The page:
It might be said that, had Lincoln not been elected, the war might have been put off by a few years, and then a solution might perhaps have been reached. However, as has been demonstrated, the country was moving inexorably toward war and no other solution would work. If the war had been put off by a few years, the result would more than likely have been even more terrible and bloody than it was. General Grant was of the opinion that the war was inevitable. “The Southern rebellion was largely the outgrowth of the Mexican war,” he wrote in his Personal Memoirs, in accord with his belief that the Mexican-American War was the result of the South’s attempts to extend slavery into Mexican-controlled Texas, “Nations, like individuals, are punished for their transgressions. We got our punishment in the most sanguinary and expensive war in modern times.” Grant would then write in the conclusion of his memoirs, “It is probably well that we had the war when we did. We are better off now than we would have been without it, and have made more rapid progress than we otherwise should have made.” Had the war not been fought when it was, it is likely that both sides would have become more industrially and militarily powerful and the brutal trench warfare which dominated Grant and Lee’s conflict at Petersburg (and the later World Wars) would likely have become the norm. The South could have resisted better, the Union could have fought better, and overall the conflict would have escalated to unfathomable heights. Also, as Grant observed, had the nation fought the war at the height of its’ prosperity in the 1870s, it could have in effect reversed America’s rise as a great power and left it a political backwater, while the war as it was fought served to ignite the nation’s ascent to prominence. Clearly then, no good could have come from putting the unavoidable war off by another decade.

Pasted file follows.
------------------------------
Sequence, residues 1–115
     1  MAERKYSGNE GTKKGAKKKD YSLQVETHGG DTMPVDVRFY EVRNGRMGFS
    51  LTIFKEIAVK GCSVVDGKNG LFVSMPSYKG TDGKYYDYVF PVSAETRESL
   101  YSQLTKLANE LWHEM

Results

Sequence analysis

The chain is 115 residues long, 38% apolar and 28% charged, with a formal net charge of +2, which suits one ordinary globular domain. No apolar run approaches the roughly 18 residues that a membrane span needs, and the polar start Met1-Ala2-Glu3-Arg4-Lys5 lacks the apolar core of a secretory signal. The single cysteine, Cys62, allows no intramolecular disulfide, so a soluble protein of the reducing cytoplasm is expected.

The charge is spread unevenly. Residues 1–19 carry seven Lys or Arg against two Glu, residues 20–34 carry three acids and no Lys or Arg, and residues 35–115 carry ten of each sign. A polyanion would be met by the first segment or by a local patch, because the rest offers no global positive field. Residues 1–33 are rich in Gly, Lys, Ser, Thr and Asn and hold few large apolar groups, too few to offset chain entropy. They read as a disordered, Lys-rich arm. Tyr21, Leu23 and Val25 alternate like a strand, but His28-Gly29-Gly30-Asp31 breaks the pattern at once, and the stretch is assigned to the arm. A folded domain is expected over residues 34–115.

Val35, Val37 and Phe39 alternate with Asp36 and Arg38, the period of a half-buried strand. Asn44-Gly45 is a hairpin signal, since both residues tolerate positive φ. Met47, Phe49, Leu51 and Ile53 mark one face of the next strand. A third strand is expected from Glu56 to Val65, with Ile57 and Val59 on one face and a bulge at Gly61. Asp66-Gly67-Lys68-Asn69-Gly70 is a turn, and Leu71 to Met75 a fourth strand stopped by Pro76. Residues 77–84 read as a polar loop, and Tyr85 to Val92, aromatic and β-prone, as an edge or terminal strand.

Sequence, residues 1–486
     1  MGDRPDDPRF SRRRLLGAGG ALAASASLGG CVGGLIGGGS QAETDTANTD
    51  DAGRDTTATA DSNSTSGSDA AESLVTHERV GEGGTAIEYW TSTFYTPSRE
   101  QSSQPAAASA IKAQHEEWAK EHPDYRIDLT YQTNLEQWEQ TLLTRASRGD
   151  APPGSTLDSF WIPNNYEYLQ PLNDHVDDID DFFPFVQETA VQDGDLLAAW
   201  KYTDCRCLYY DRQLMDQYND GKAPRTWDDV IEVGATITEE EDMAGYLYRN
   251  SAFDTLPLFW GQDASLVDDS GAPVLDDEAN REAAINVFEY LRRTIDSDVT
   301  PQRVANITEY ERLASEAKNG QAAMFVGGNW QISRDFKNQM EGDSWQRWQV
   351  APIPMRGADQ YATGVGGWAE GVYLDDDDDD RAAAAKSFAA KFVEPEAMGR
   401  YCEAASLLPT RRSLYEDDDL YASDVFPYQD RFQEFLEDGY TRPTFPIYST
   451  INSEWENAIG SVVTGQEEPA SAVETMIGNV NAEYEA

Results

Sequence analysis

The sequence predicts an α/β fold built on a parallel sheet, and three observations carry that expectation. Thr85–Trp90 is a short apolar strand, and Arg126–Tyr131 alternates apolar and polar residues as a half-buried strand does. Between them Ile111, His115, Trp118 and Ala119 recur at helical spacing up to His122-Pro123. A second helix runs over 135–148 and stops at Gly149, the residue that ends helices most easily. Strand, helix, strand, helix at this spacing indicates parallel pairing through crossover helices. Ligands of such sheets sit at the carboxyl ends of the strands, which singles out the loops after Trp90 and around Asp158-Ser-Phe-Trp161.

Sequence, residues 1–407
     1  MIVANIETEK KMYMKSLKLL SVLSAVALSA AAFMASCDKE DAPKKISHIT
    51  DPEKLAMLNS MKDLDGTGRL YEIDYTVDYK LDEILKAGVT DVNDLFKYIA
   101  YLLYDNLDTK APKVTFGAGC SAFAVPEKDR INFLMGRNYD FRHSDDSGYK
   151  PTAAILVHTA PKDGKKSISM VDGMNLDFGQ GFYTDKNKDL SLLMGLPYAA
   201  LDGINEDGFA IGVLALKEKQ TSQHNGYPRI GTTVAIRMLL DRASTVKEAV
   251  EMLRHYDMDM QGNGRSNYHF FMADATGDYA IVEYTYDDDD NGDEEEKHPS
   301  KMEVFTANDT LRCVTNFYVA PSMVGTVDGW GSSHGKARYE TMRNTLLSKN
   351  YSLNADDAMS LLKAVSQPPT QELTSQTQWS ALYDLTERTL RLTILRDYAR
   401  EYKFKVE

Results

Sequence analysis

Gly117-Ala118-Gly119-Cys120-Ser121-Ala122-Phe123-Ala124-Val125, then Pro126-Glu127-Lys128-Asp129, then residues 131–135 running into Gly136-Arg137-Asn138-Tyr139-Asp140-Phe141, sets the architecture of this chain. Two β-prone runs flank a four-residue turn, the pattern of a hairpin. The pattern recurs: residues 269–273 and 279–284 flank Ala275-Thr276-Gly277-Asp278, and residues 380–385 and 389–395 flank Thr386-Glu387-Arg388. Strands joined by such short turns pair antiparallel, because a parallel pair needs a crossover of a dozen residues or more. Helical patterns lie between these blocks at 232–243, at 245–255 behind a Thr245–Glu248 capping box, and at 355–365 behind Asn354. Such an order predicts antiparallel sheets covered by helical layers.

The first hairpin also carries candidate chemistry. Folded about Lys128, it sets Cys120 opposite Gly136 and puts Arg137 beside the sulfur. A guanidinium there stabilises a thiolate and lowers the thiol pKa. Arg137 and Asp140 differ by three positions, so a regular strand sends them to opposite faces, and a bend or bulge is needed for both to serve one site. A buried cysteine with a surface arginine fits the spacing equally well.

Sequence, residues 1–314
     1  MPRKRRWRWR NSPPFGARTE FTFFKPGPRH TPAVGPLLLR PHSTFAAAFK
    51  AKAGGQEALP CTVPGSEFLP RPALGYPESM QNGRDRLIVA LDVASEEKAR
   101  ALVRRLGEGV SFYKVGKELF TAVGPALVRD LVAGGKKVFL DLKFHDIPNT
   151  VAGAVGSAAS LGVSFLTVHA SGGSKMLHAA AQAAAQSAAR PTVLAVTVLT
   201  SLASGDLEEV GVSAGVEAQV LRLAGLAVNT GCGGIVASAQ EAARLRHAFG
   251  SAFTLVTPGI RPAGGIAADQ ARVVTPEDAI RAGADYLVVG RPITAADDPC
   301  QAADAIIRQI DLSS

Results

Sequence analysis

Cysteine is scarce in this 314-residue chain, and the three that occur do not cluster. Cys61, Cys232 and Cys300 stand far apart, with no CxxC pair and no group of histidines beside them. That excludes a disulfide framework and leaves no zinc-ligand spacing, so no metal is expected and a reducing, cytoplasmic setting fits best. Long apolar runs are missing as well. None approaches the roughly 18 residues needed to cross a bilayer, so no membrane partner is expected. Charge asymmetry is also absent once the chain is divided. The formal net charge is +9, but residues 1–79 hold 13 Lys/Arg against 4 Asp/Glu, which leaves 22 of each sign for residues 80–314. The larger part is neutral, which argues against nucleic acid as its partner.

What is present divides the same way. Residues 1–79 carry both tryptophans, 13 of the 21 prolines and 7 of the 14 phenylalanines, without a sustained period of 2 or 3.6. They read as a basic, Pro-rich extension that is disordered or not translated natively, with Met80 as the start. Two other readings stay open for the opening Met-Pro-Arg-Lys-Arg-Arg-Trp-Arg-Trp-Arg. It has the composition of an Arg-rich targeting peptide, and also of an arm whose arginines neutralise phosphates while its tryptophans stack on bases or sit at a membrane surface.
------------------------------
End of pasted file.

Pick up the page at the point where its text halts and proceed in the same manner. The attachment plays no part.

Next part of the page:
From all of this, it is quite clear that Abraham Lincoln is not to be blamed for the great and terrible Civil War; it would have come eventually and was started not by his actions but by those of others which he did as best as was humanly possible to prevent. Lincoln’s stand on slavery was right and good and it brought good to the nation rather than harm It was ultimately right for him to do as he did; had he not, the inevitable great war would perhaps have not been fought with that clear sense of moral legitimacy that Lincoln and his vision of America could provide. If that was so, Lincoln’s stepping down from his principles would only serve to destroy, not save, his nation. His standing up for his principles, on the other hand, ensured that the great American experiment would indeed, as he himself famously said at Gettysburg, “have a new birth of freedom.”